How A Birmingham Developer Is Taking The Weight Of A 5-Storey Roof Extension
It is not every building that can safely take a five-storey roof extension.
The so-called “flatted factory” at 55 Holloway Head is one of a handful of multistorey factories built in the 1950s to house businesses moved out of single-storey premises in parts of the city due for redevelopment.
The seven-storey blocks were built to a robust design, containing corridors and lifts able to accommodate forklifts, and super-large floorplates with a depth of 21 metres.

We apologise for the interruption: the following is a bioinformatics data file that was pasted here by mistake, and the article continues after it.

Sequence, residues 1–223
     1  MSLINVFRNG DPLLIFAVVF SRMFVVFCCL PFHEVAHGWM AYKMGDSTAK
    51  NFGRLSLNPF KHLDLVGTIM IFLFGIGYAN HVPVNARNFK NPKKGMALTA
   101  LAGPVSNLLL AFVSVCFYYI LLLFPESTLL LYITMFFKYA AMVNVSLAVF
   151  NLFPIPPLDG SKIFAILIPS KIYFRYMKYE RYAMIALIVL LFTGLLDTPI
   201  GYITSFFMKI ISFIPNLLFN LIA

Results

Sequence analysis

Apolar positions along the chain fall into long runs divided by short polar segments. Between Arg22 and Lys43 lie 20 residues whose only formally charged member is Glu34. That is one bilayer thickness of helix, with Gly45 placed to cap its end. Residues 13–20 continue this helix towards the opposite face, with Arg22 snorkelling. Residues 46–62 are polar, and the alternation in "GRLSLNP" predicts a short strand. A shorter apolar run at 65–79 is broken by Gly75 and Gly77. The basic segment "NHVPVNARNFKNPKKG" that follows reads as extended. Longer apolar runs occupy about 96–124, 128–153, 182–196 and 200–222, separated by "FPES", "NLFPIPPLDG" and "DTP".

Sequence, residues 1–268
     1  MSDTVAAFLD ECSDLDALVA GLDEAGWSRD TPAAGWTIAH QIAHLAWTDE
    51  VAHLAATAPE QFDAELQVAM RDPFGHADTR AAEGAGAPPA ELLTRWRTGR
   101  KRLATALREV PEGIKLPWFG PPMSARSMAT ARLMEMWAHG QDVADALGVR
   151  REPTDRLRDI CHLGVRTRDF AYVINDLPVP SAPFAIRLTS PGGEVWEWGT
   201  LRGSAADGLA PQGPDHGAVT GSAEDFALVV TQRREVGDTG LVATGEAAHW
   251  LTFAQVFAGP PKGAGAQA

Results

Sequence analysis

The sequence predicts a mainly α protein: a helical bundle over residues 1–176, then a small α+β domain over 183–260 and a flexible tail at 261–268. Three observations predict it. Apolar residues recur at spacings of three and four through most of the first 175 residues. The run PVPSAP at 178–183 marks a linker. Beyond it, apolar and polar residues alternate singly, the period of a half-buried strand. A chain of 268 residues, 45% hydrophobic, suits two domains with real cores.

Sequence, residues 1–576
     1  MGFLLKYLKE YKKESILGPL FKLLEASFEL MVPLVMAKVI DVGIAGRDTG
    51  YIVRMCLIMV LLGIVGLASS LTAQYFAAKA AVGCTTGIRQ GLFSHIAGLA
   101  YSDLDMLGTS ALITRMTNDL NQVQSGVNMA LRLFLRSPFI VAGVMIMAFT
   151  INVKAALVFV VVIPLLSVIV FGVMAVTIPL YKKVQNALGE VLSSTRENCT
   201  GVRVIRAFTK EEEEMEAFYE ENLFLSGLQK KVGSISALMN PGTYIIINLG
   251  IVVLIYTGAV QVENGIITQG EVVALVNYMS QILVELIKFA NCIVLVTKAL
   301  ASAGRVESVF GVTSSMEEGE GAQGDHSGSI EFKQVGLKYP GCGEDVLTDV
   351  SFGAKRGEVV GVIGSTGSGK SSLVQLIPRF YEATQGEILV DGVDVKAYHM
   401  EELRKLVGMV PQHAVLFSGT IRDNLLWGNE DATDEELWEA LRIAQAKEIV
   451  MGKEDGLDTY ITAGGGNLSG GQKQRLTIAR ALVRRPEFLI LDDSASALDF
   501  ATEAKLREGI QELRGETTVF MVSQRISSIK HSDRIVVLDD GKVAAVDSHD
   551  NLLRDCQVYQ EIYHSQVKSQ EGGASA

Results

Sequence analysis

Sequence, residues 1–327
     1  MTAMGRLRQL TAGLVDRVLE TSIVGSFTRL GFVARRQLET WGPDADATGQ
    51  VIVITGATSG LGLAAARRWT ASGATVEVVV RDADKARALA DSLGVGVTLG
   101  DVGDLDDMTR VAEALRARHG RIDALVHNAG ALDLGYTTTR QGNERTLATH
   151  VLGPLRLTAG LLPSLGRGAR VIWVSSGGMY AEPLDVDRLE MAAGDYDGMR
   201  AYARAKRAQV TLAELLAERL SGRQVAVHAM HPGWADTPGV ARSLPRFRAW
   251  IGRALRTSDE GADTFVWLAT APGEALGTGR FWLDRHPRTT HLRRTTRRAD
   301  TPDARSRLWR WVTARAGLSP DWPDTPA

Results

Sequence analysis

Now Birmingham-based Claremont Property Group has received unanimous approval from Birmingham City Council for the city’s first five-storey roof extension. The scheme involves the residential conversion of Lee Bank House at 55 Holloway Head into 122 apartments.
K4 architects designed the scheme, which reuses substantive elements of the existing structure, including the main staircases and lift shafts. There will also be space for a roof garden on top of the new roof.
“We’re looking forward to maximising the potential of the building’s structural strength to deliver Birmingham’s first five-storey roof extension,” Claremont Director Andy Robinson said. “The pandemic has reshaped our lives, so the unique configuration of this building becomes even more relevant. It will allow us to deliver much larger capacity apartments than neighbouring sites, with unusually wide corridors and private and communal outdoor spaces.”